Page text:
When the Wentz wagon fell apart due to injuries and what seemed like flaws in both his mechanics and his leadership, Howie did what few GMs would do, especially with a player he’d signed to a four-year, $128 million extension in 2019: Not only was Wentz on the trading block two years after that contract, but the asking price was high. “Most GMs would have been afraid, like, ‘If I don’t take one of these offers, I could get stuck with this guy,’” says Banner. “But Howie had the guts to step back and go, ‘I believe somebody is going to need a quarterback. I can do better.’ That’s being aggressive, but also being willing to wait and having good instincts.”

Missing on such a high-profile and expensive player might lead some GMs to play it a bit safer in the future, especially in a pressure-cooker market like Philadelphia. “What I thought was noteworthy was that Howie remained aggressive,” says Didinger. “Sometimes, guys get burned and they back off. Now, you just sit there and wait for your pick to come up every year, not trading up or down. Howie maintained the same approach — ‘Okay, that one didn’t work out. Maybe the next one will.’” In a telling moment at the Villanova event, Howie said of the whole saga, “I’m probably living in my own world … but I don’t view Carson as not having worked out.” Wentz didn’t play in Super Bowl LII, but without his MVP-­caliber performance in the regular season, the Birds might not have made it to the dance, and they almost certainly wouldn’t have had home-field advantage in the playoffs. Wentz helped them win a championship, and when it was all over, Howie’s haul for ­Wentz led, either directly or indirectly, to the team’s top wideouts (DeVonta Smith, A.J. Brown) and boom-or-bust defensive tackle Jalen Carter in this year’s draft, plus a 2022 sixth-round pick and a second-round selection next year. One recent headline called the deal “incredibly lopsided.”

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Howie Roseman and proud Eagles with the Conference Championship trophy in January / Photograph by Andy Lewis/Icon Sportswire/Getty Images

Howie’s unwavering aggression is all the more surprising when you consider Chip Kelly’s public “benching” of him, as Banner puts it, or “kick in the teeth,” as Didinger describes it. That hit might have crippled a less sturdy soul. Howie moved from the football side of the building to the business offices, in literal exile. He’d attend practices during training camp to maintain a presence but kept a respectful distance. Owner Jeffrey Lurie had the foresight to keep Howie in the family and the good fortune that he didn’t quit. “He was out there all the time, watching, and I think fully believing that he would get another chance,” says Didinger. Then, in 2016, with Kelly gone after two seasons of missing the playoffs and questionable personnel decisions, the former Eagles GM rose like a different bird. “He never flinched,” says Accorsi, who at the time called to offer support. “I was concerned for him. But there was never any phony confidence. It was always conviction.” Rather than cause him to lick his wounds or question himself, the experience only seemed to deepen Howie’s belief in himself.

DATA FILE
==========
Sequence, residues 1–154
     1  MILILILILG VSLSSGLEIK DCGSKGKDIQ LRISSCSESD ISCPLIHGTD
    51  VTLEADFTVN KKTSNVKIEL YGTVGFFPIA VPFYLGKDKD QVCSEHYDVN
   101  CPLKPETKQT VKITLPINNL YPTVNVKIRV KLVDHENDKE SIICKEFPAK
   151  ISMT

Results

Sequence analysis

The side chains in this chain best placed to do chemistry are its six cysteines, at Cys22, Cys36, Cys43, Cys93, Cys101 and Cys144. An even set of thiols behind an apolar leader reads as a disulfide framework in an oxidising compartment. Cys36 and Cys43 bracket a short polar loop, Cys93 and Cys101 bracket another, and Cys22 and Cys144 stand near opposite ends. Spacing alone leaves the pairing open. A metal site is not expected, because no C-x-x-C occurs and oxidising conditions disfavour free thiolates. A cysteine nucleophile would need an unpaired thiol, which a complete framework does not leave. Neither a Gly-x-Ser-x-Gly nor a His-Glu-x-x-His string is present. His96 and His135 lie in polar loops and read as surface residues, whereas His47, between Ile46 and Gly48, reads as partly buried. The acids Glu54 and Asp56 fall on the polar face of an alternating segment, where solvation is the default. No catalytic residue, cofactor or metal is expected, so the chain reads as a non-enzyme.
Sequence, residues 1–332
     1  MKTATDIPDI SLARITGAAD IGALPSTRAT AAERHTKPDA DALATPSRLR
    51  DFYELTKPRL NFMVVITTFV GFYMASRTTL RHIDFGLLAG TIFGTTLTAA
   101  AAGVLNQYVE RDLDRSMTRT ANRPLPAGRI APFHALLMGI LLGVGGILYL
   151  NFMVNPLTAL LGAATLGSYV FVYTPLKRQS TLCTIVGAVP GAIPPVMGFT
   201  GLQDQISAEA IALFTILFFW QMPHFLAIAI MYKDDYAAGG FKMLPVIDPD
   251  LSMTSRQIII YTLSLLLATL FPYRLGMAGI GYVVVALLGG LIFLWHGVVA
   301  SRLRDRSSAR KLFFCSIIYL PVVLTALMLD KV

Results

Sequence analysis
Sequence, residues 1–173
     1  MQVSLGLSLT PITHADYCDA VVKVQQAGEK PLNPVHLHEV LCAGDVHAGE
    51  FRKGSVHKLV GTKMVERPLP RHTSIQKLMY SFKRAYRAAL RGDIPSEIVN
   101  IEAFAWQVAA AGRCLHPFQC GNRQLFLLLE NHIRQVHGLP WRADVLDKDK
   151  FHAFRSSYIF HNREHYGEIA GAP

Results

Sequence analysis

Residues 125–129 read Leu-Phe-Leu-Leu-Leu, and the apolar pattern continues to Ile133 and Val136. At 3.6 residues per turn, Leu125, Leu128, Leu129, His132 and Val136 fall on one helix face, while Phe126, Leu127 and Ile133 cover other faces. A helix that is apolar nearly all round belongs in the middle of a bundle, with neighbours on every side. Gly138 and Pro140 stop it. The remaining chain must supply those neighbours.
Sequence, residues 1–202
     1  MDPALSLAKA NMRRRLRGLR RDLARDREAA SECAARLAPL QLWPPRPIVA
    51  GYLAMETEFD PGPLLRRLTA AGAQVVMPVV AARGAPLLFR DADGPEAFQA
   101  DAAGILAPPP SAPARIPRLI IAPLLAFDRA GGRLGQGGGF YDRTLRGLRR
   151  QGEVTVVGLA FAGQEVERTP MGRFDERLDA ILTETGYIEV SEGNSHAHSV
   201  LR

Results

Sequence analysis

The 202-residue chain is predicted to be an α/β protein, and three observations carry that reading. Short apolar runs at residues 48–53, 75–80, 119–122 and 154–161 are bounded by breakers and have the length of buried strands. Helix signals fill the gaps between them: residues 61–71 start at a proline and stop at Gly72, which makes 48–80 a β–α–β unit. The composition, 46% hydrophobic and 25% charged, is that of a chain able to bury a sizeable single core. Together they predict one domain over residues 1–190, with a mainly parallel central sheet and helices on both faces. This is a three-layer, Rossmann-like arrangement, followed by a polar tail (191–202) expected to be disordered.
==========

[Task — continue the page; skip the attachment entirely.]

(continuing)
It takes a unique mental fortitude to withstand such a high-profile vote of no-confidence, and it’s easy from the fan perspective to critique the public side of Howie’s job: roster-building, ensuring depth at key positions, and salary-cap management (most recently, the masterful Hurts contract that’s a true win-win, rewarding the young superstar with a $255 million deal without crushing the team’s ability to sign other players in the future). Behind the scenes and away from the spotlight that falls on all things Eagles, however, no piece of the puzzle is overlooked. It’s a lesson Howie seems to have learned early on from coach Andy Reid, when he first transitioned to the GM role. Reid told his young charge that he’d need to hit the road if he wanted to be ­successful — stay at the Motel 6, build relationships with college programs. At first, Howie didn’t get it; he could watch film on these kids and spare himself the travel and lousy meals. But he soon realized how important it was for his scouts to see him sacrificing like they do, missing time with their families in order to find advantages at the margins, or at Mary Hardin-Baylor U.

Those unseen strategies continue to pay dividends. Fresh off the Super Bowl win in 2018 yet concerned about the alarming injury rate up and down his roster, Howie overhauled the entire medical staff. The result: Last season, every starter was on the field in Phoenix for the championship game, a feat that rarely happens. Ross Tucker sees the same attention to detail on the road with the team, where accommodations and meals are always first-rate, and hears from former players who go elsewhere and find the organizational grass is rarely greener. He also says the Eagles excel in balancing old-school talent evaluation with analytics: “They do a better job of blending the numbers/math guys with the scouting/research people than any other team in the NFL.” Only a fearless outsider would consider a Goldman Sachs head of bank-loan trading with no football experience for a front-office role, as Howie did in hiring Adam Berry as director of football operations and strategy in January.